Life in the finance department can be frustrating at the best of times – sending invoices, chasing customer payments, keeping on top of the payroll and, of course, wading through the reams of receipts.
The advent of e-receipts has made life a lot easier though, and not just for the finance department, they can open the door to a whole new level of personalised customer marketing and engagement.
What is an e-receipt?
An electronic receipt, or e-receipt, is a proof of purchase issued instead of a paper receipt, usually via email, for any goods or services that have been paid for.
Why use an e receipt?
There are two main reasons to use an e-receipt – to save paper and save time.
As a customer, an e-receipt is easy to file and find if you need a receipt for tax or business reasons, want to return an item, or make a claim on a warranty.
As a business owner, an e receipt is a great way to build up a customer list, generate customer data and then cross-sell with personalised sales incentives.
The future of e receipt?
eReceipts, the world’s leading digital receipts provider, is re-branding a Yocuda (‘Your Customer Data’) to launch its new service that enables retailers to identify and engage 100% of in-store customers in real time.
It is the first end-to-end data driven service of its kind and is geared to enable retailers to push sales and profit through improved customer insight, personalised marketing and tailored experiences.
The new service means retailers can put customers at the centre of all business decision making and create tailored experiences through linking customer transactions.
The vast majority (80%) of most multi-channel retailers’ sales still originate in bricks and mortar stores, and the inability to use real time transaction data to understand customers habits limits the ability to provide optimised customer offerings.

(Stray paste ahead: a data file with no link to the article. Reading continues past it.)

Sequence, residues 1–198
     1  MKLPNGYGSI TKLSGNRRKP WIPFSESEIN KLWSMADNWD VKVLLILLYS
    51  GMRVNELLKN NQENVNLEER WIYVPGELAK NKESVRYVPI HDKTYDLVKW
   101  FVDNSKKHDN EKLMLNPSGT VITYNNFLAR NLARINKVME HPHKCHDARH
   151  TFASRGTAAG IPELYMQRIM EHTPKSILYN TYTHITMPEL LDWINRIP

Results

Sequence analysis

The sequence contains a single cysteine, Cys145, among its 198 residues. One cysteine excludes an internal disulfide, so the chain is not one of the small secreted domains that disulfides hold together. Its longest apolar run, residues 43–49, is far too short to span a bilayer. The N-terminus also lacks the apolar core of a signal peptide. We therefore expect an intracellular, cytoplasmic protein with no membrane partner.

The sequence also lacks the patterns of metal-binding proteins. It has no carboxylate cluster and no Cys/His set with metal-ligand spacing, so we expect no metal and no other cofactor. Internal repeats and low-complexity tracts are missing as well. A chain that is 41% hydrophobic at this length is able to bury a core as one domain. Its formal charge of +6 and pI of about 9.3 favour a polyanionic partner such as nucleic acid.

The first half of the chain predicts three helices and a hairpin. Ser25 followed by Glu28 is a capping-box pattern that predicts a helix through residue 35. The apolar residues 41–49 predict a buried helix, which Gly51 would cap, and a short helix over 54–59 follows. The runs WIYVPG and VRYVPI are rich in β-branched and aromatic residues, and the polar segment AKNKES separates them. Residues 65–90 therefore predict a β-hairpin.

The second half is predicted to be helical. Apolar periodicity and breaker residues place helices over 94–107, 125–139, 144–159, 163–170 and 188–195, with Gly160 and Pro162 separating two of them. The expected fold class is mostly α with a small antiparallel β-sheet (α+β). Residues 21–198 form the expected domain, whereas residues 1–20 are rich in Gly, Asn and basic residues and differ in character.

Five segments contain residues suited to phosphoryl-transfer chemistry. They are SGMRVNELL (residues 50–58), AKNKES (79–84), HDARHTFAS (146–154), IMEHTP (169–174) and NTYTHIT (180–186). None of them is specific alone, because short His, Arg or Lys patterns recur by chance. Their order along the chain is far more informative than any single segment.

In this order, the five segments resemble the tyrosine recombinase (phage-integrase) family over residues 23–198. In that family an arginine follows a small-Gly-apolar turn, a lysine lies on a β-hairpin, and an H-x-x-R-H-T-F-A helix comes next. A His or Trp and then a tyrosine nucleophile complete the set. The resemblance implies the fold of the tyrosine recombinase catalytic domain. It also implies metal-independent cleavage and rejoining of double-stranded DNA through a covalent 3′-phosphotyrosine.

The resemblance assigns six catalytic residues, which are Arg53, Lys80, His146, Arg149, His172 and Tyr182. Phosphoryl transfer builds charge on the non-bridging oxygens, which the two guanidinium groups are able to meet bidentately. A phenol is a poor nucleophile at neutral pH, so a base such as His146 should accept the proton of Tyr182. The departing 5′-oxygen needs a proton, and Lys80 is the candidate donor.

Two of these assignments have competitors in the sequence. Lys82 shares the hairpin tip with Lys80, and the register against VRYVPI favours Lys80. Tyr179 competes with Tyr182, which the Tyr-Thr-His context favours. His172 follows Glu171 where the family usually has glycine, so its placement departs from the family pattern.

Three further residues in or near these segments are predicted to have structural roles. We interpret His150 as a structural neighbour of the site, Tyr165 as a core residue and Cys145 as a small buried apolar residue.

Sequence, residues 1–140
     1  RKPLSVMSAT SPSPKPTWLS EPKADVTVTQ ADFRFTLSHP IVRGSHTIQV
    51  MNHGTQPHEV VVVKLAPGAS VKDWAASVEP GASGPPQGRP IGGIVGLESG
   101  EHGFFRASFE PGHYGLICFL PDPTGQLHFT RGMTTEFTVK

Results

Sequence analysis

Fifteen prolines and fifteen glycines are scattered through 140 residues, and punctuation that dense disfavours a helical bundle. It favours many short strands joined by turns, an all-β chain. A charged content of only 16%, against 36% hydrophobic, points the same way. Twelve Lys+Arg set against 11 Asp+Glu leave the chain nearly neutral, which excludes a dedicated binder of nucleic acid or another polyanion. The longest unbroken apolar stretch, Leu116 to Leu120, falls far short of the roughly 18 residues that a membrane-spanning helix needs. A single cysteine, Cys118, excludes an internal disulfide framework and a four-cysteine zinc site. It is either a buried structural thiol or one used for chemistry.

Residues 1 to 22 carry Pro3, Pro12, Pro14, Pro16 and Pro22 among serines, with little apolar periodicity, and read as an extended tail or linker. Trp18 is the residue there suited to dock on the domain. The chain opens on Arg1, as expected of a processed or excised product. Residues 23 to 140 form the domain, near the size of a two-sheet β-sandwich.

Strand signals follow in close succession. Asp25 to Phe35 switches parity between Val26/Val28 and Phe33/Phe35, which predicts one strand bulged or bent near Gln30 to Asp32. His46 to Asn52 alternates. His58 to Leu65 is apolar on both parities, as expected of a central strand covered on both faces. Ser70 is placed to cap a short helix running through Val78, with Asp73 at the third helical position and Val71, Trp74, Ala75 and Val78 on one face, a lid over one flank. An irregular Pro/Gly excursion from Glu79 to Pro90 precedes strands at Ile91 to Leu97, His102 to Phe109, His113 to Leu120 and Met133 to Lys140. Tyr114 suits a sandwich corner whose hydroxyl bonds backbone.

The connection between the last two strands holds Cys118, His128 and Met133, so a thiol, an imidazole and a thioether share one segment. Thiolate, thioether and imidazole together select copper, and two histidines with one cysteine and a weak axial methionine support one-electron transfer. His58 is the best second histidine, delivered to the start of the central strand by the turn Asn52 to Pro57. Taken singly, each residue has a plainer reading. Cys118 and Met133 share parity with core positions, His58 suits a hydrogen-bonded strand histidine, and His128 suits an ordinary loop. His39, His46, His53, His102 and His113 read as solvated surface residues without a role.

Yocuda unlocks retailers’ transaction data, linking it to customers to provide a Single Customer View and derive deep customer insights (allowing retailers to embrace behavioural along with demographic insights), enhance customer engagement and establish better operations, ultimately allowing retailers to profit from having a greater view of their customers’ data.
- The award-winning company has tiered its services into four core product categories: eReceipts – the core technology that unlocks retailers’ transaction data and enables them to send digital receipts)
- Yocuda Operations
- Yocuda Engagement
- Yocuda Insights
These new tiers facilitate retailers to create highly personalised real time customer engagement, from returns management and loyalty schemes to retention marketing offers and coupons at till.
Yocuda CEO, Andrew Carroll, said: “By launching Yocuda, we aim to level the playing field with pure play e-commerce retailers by bringing the benefits of e-commerce tracking and personalisation to the in-store environment.”
He added: “With our real time insights, Yocuda empowers staff to have a far more meaningful conversation with customers on the shop floor that will ultimately tailor the experience, drive customer loyalty and allow retailers to optimise sales opportunities.”
Has GDPR had an effect on e-receipts?
General Data Protection Regulation, or GDPR, is a data protection legislation that came into effect across the EU on May 25, 2018, with the aim of changing how businesses and public sector organisations use and handle customer information, and give individuals greater control over how organisations contact them and use their data.
If you’ve recently shopped at any number of high street outlets recently, you’ll probably have been given the option to have your receipt emailed to you – have you ever wondered why they want to email your receipt to you, or what they do with the data this gives to them?
One of the main reasons retailers want you to take an e-mail receipt is to help create a single view of you as a customer and track your purchases across all channels, including mobile, online and in-store.
This might sound nefarious, but it’s pretty common practice and just another of those ways you’re targeted with adverts and emails promoting particular products or services. Some retailers might also send out other marketing materials, including questionnaires, promotions and offers.
This all worked on the idea that offering your email address implied consent that you were happy be sent any manner of marketing emails and materials, even long after the actual purchase was made.
But GDPR has tightened things up, and retailers can no longer assume you’ve consented to receive any number of marketing communications, based upon the fact you’ve provided an email address for a receipt. You consent must be unambiguous – meaning that if you do want to receive marketing materials, you’ll need to check a box to that effect – and the retailer must keep records of consent under the GDPR’s accountability principle.
Does your business use e-receipts? Does it help with customer insights and marketing? Let us know…